Innovation and technology are strongly correlated, but they aren’t the same thing. Design, consumer experience and sustainable business models must ride alongside new technologies. As Professor Sam Chun reminded us at RGA’s most recent Innovation Series : Netflix defeated Blockbuster with only red envelopes, DVDs and the U.S. Postal service.
The Ewoks defeated a legion of stormtroopers with slingshots, catapults and woodland booby traps. Luke torpedoed the Death Star only after turning off his targeting computer and trusting his instincts (and ghost-Ben’s decree to use the Force). Darth Vader even anticipated the risk of overconfidence when he told Admiral Motti, “don’t be too proud of this technological terror you’ve constructed” – and then Force-choked him because he found his lack of faith disturbing.
Technology, data and digital solutions also lie at the heart of many insurance companies’ strategic plans. This is perfectly appropriate, but it is also important to not lose sight of the fundamental principles of insurance: mutual benefit, trust and transparency. The industry owes it to the consumer to make sure that trusted advice is still available from actual humans and that risk selection decisions are made under the watchful eye of expert human underwriters who are supported by technology, not imprisoned by it.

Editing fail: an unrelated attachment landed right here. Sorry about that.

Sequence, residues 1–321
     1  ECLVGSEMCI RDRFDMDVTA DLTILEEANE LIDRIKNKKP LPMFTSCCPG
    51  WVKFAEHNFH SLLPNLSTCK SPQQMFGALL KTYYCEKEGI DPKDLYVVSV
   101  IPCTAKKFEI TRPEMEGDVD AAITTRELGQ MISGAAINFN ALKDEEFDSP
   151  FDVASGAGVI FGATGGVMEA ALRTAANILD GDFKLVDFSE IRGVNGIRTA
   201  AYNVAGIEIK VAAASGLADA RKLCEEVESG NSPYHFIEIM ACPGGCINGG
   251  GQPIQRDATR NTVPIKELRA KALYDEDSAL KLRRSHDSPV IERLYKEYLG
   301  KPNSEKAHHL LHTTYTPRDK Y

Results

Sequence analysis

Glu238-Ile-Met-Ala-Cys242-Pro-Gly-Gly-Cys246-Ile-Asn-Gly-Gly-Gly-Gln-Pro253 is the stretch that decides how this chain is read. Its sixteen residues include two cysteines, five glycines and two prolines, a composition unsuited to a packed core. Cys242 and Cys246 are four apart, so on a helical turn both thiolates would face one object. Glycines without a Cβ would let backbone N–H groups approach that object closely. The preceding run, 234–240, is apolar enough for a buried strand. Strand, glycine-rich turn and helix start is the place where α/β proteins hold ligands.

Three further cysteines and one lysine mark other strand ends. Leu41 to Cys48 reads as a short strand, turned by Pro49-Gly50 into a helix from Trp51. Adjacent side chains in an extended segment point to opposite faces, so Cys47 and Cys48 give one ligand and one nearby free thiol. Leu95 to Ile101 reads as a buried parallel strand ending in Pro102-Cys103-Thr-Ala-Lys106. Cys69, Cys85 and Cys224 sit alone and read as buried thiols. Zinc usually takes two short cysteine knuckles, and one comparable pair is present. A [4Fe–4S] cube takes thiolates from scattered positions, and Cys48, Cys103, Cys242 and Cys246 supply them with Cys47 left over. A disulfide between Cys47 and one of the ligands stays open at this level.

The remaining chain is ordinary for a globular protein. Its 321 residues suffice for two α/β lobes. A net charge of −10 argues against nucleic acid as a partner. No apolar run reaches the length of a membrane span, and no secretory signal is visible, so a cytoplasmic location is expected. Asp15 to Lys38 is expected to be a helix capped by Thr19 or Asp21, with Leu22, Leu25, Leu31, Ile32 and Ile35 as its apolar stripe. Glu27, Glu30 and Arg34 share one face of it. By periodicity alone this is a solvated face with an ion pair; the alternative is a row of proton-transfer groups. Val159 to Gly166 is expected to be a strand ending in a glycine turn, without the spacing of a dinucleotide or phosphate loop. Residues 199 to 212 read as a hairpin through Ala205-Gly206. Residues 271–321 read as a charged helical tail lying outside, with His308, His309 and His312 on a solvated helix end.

#4) Data security is a big deal.
Plenty has been written about the transformational value of big data and advanced analytics, and companies are making staggering investments in talent and technology to keep up. As we continue to evolve into a digital-only, cloud-based world, cyber-security is a top concern for CIOs and CEOs in every industry.
The Empire’s inability to protect its data and systems may have been its ultimate undoing. R2D2 alone was able to identify Princess Leia’s location on the Death Star (detention block AA23), shut down all the garbage mashers on the detention level and access Cloud City’s central computer to discover that the Millennium Falcon’s hyperdrive had been disabled.
Given the sensitive personal data that insurance companies collect about consumers’ financial and medical histories, data governance and security are especially high priorities. Health insurers including Excellus, Premera, CareFirst and Anthem have all recently experienced cyber-attacks and data breaches, and there will undoubtedly be more in the future. Insurers are taking action to manage these evolving risks within their own companies, and the insurance industry broadly has responded by providing cyber-insurance programs to help individuals and other companies mitigate their risk exposures.
#5) Family history doesn’t always determine your fate.
Luke and Leia’s dad wasn’t just a run-of-the-mill baddie. His evilness was legendary. Based purely on genetics, one might have predicted that the Skywalker twins would be destined to join in his evil ways. Perhaps it was a case of nature vs. nurture (thank you, Aunt Beru and Queen Breha), but they both turned out OK and failed to give into the Dark Side (at least so far).